It’s dehumanizing sometimes for people with mental health, and it certainly was for people 100 years ago. They literally just disappeared from their families, institutionalized, just were gone. The history of overcoming all of that obviously has been a long road.

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What is the history of NAMI?

One of the reasons why I’m honored to have this job is that the national organization, the founders of NAMI, are from the Madison area. We have some wonderful women who ... were fighting for their children in terms of parity for services for medical care.

The history of NAMI is very strong and what a legacy in this state. NAMI is always trying to put a much more ... realistic story for someone to access service sand go through a system of care.

In the United States, mental health and treatment and diagnosis and access to a psychiatrist — that is a systems problem. We need more psychiatrists. There is a national shortage, and there is an even greater shortage of child psychiatrists. Access, wait times and services is just something at the national level — working with national leaders to make sure NAMI has a place at the table, to make sure funding and research development on the brain is going to continue.

What do you hope people know about NAMI?

One of the things we always say is that NAMI provides help and hope for those who need it most. If you feel like you might be struggling with a diagnosis or a loved family member is, please don’t stay silent. Speak up.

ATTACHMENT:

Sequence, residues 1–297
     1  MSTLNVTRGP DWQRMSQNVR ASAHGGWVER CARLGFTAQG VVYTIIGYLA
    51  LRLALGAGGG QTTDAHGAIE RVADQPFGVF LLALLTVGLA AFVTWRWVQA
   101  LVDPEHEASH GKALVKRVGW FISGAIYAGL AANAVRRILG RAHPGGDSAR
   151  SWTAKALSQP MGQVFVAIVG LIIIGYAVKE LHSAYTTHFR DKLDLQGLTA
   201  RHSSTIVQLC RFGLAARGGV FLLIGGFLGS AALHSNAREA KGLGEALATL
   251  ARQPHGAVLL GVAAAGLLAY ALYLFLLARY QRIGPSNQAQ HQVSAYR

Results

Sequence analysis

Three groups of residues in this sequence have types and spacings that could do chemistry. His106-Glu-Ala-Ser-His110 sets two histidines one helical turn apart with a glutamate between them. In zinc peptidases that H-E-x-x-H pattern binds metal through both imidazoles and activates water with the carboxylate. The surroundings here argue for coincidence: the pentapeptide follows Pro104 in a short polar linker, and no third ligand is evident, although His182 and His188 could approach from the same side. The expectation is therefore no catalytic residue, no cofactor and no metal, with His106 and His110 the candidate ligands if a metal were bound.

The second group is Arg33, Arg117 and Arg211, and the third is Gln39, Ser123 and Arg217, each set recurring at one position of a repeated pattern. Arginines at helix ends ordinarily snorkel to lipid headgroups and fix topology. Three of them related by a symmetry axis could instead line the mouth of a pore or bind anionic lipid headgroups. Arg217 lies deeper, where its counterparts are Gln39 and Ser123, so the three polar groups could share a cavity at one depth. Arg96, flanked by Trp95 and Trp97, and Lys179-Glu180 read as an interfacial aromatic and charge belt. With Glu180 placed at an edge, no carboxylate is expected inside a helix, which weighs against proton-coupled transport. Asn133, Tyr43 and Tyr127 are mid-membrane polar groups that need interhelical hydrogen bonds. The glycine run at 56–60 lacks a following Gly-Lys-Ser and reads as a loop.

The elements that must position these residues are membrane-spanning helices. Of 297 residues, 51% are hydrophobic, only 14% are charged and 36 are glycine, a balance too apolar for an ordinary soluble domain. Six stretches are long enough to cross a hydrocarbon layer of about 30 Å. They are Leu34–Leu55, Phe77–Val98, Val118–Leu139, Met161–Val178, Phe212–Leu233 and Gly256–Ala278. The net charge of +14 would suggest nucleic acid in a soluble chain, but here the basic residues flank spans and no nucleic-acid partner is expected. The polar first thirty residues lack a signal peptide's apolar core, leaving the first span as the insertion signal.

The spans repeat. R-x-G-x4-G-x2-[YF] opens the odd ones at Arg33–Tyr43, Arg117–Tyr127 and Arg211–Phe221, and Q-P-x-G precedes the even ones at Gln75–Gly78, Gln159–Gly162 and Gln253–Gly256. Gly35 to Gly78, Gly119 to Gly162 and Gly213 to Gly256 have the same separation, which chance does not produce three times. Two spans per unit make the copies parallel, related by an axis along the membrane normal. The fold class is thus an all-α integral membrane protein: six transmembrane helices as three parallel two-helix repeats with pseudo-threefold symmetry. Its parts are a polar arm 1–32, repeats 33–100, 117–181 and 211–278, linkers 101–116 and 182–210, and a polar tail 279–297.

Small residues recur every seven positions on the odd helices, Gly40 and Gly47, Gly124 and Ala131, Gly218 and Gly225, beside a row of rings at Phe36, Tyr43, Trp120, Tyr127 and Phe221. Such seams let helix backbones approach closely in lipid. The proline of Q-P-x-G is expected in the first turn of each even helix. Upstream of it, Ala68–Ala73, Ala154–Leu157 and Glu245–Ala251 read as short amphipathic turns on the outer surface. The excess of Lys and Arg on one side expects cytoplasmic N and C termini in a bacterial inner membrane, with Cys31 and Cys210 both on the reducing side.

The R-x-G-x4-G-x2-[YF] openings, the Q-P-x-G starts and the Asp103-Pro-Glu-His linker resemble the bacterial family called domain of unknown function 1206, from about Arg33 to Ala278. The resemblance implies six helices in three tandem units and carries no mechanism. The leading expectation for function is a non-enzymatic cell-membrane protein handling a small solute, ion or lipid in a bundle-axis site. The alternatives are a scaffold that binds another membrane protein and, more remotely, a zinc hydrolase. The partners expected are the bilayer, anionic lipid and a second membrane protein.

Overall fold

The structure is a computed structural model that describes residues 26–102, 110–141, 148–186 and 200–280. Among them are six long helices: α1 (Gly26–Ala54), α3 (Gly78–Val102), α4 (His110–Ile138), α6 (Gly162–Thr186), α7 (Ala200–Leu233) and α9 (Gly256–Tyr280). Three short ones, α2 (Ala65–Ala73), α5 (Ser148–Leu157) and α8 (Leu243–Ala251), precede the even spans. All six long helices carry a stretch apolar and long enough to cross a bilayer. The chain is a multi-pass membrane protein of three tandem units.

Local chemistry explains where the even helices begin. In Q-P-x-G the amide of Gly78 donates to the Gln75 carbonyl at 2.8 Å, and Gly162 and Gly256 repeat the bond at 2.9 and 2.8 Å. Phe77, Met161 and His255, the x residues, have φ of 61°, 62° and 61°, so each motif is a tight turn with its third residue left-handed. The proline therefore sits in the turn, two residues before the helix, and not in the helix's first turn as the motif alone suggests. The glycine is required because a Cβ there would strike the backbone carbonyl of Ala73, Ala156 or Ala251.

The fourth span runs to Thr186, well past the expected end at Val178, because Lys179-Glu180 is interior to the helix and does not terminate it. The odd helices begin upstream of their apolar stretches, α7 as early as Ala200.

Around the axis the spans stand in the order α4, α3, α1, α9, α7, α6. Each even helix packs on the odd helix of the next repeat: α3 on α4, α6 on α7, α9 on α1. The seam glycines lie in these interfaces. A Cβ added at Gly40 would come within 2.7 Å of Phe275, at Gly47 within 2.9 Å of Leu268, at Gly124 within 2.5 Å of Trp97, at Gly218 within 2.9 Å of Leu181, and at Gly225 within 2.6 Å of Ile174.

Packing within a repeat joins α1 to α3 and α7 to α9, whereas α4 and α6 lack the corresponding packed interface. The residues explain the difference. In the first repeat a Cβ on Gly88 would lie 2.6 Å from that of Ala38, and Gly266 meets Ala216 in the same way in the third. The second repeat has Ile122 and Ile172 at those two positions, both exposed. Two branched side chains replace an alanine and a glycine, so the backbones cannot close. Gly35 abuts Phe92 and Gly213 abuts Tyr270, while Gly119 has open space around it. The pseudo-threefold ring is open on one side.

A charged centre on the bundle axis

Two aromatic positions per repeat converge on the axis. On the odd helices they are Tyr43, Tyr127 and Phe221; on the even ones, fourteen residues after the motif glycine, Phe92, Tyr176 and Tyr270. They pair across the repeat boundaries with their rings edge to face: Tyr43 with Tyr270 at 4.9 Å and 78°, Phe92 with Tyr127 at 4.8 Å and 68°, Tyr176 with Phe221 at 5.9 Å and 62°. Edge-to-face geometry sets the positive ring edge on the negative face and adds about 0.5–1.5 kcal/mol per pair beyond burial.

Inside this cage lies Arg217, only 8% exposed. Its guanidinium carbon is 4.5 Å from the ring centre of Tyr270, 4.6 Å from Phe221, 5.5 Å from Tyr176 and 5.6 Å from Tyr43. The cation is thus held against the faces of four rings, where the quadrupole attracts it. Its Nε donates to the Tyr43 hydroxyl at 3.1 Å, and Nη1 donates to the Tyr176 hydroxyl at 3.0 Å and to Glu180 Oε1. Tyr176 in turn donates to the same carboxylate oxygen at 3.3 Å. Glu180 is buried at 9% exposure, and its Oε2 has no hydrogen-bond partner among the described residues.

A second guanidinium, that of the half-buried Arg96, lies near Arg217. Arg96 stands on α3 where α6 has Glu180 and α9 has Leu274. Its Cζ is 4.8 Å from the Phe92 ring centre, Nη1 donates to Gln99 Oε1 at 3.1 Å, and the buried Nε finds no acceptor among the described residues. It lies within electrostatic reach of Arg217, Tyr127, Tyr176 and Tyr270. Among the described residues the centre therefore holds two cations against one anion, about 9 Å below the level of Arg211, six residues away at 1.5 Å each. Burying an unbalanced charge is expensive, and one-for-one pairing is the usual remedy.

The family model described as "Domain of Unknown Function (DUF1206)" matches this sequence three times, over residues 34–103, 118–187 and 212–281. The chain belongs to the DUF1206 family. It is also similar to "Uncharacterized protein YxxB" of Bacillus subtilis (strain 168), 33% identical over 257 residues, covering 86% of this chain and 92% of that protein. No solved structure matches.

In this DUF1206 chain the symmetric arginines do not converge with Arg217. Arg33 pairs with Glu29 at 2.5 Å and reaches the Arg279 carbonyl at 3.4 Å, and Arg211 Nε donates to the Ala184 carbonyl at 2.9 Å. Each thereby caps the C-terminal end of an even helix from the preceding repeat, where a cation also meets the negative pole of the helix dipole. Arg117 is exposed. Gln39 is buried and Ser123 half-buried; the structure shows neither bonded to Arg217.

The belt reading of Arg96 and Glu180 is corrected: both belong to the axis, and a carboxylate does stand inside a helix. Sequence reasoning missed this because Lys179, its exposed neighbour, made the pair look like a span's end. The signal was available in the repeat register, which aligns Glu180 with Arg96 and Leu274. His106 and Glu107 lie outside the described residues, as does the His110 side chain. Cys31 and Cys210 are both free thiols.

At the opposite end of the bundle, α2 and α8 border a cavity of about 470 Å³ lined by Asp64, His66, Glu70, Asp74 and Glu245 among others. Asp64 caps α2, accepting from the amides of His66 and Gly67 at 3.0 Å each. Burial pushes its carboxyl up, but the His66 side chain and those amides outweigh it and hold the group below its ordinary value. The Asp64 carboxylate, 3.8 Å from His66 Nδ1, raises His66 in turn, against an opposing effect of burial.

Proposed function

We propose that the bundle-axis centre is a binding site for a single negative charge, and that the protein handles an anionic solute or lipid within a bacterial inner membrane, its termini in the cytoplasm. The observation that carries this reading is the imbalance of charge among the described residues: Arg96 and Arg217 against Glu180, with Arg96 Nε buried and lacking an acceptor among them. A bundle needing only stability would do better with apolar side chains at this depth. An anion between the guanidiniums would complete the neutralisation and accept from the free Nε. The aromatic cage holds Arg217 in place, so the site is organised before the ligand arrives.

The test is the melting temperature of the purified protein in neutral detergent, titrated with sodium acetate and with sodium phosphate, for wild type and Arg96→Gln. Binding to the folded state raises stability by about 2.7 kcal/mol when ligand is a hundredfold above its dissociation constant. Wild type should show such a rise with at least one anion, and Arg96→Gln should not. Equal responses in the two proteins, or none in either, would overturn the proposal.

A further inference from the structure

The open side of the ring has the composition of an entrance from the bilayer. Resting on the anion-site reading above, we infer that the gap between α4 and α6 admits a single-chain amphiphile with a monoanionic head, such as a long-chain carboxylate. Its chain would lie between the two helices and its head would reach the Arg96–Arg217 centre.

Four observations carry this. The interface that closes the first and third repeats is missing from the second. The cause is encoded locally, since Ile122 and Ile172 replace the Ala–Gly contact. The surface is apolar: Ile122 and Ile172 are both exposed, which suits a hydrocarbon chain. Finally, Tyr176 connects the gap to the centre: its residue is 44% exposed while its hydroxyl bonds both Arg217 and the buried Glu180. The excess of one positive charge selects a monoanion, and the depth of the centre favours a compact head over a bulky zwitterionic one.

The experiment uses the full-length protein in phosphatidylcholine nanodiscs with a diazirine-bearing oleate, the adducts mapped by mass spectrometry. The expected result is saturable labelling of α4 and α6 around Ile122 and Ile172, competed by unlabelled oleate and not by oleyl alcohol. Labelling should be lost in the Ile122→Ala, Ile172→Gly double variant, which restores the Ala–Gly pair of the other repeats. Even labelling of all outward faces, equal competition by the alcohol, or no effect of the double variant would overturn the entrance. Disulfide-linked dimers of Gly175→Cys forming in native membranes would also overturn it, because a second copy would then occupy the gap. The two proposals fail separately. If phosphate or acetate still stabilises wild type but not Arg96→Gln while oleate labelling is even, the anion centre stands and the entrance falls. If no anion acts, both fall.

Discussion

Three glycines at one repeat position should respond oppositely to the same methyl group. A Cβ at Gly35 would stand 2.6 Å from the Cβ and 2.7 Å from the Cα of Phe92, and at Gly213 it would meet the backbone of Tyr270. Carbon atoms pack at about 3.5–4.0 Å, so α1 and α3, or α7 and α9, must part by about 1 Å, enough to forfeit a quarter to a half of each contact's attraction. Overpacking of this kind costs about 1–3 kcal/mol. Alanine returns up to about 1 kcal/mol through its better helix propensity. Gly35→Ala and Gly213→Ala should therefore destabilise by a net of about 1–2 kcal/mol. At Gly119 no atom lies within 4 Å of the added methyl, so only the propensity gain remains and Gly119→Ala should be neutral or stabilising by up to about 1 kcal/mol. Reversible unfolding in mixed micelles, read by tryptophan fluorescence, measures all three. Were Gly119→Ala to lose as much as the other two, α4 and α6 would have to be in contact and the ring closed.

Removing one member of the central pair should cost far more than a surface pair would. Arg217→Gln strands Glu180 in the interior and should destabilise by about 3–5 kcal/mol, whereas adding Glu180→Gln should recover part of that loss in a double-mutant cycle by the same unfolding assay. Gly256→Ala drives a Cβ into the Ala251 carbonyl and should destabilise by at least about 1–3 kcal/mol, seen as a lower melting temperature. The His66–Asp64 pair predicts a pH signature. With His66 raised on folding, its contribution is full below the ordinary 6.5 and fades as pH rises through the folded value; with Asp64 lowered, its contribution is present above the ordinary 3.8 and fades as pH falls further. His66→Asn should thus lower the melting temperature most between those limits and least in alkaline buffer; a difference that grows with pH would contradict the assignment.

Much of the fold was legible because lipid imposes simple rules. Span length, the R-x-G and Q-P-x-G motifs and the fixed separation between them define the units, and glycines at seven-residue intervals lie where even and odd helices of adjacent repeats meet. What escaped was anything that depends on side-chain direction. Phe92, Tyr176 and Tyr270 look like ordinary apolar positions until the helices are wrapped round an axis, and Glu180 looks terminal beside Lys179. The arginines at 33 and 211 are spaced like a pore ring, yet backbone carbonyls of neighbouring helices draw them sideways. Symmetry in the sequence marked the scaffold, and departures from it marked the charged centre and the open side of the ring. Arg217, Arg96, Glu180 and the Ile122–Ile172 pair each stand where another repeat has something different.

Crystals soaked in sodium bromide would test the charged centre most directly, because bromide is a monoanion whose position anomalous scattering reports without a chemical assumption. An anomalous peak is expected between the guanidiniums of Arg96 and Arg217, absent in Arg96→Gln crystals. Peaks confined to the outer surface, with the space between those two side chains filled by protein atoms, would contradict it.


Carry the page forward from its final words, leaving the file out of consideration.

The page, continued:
NAMI is a bridge. We’re not direct service, we're not counselors and physicians, but we provide education, support and advocacy, so people can go find out what services are available. They can learn self-advocacy tools, how to talk to your doctor about treatment.

Now that I am the state director, one of my initiatives is going to make sure we have an active and engaged relationship with direct service providers. We want providers to know what NAMI is and know what the programs are and to help us get to people who might not know that we’re were.

We don't want to be a best kept secret. We want NAMI To be known in the community and for providers to view us as a partner in providing that wraparound, collaborative care.

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Abigail Becker joined The Capital Times in 2016, where she primarily covers city and county government. She previously worked for the Wisconsin Center for Investigative Journalism and the Wisconsin State Journal.